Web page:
Ultraviolet (UV) oxidation is an increasingly popular technology used for on-site remediation of extracted ground water. It uses hydroxyl radicals generated from the interaction of UV light with either hydrogen peroxide or ozone to oxidize a wide variety of dissolved organic compounds. Hydroxyl radicals are highly-reactive oxidizing agents that have the ability to destroy persistent contaminants such as 1,4 dioxane, methyl tert-butyl ether, and several chlorinated and aromatic solvents that are difficult to treat using more traditional technologies. UV oxidation has the capability to achieve very low concentration thresholds, often making it a logical choice as a part of a municipal water supply treatment train.
A key advantage of UV oxidation treatment technology is that it is a destruction process (i.e. toxic byproducts are not generated in the reaction). Therefore, there is a significant reduction in potential disposal costs that can potentially be associated with other remedial technologies. When necessary, UV oxidation can also be combined with other treatment methods such as activated carbon adsorption, air stripping, or filtering to result in a total system solution.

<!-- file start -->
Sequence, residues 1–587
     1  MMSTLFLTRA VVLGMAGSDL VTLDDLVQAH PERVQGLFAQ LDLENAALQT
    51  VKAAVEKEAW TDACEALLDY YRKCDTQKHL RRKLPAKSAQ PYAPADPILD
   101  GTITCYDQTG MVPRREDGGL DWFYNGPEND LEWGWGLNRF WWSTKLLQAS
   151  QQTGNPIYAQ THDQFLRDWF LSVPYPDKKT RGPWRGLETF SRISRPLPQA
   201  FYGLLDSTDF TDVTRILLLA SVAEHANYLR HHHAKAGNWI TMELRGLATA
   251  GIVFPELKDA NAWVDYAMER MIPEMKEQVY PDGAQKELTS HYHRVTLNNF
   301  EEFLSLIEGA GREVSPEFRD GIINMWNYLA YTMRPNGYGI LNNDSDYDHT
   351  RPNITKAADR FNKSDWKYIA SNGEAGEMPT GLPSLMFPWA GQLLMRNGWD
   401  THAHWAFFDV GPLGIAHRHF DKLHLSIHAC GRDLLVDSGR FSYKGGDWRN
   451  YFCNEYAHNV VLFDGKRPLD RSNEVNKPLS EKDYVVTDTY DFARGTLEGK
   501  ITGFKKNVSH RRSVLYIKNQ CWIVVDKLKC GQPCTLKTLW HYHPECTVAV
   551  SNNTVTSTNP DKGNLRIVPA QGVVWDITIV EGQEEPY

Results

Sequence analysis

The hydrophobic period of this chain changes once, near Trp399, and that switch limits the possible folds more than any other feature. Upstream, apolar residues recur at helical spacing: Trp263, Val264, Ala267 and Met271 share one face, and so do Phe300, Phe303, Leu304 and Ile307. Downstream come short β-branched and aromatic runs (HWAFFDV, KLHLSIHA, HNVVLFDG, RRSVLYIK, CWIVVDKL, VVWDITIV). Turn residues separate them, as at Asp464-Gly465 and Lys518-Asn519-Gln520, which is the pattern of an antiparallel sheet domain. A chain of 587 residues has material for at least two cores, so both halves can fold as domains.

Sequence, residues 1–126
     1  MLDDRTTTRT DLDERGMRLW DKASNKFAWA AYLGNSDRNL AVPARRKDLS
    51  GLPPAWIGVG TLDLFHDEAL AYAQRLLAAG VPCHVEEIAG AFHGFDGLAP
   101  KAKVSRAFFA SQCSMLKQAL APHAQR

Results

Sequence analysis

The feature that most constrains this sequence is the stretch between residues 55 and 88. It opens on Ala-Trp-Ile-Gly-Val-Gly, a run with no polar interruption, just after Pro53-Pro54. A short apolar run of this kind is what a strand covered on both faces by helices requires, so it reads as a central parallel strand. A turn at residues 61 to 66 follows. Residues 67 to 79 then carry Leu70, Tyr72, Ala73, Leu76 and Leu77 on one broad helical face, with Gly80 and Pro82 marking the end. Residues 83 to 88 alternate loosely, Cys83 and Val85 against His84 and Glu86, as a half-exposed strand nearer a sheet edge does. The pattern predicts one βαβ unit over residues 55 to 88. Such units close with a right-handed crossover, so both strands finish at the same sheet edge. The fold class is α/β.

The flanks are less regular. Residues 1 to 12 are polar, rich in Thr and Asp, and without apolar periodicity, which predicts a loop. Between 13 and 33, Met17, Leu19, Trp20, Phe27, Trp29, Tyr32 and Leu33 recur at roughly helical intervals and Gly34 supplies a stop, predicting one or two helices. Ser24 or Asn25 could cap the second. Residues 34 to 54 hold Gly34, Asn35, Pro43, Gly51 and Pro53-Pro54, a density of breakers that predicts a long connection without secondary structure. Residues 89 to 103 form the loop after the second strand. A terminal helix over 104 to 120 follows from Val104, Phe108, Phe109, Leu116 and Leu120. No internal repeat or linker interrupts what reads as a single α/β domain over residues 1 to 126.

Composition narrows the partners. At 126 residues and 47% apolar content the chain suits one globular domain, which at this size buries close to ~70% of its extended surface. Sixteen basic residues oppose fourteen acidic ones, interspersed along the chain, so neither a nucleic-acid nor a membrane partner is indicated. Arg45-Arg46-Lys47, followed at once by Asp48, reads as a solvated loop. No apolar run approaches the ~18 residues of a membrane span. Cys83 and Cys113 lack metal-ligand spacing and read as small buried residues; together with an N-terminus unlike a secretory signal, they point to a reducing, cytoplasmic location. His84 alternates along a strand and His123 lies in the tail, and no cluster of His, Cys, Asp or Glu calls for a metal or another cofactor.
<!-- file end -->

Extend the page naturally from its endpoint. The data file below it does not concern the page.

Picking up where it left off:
Soil stabilization is a technique used to chemically alter potentially-toxic metals in soil, allowing the soil to be handled as a non-hazardous waste, resulting in substantial cost savings for disposal. Prior to this technology, the primary option to dispose of soil that exhibited concentrations of metals above the toxicity characteristic leaching procedure disposal criteria was to ship soil to expensive, hazardous waste accepting facilities for treatment and/or disposal.
The soil stabilization process reduces the leachability of metals and allows soil to meet the non-hazardous disposal requirements. We assess the physical and chemical properties of the soil to identify appropriate stabilization methods and whether the mixing or stabilizer application should occur in-situ or after excavation.
GeoInsight provides environmental remediation services throughout the states of New Hampshire, Massachusetts, Connecticut, Rhode Island, Maine, Vermont and New York.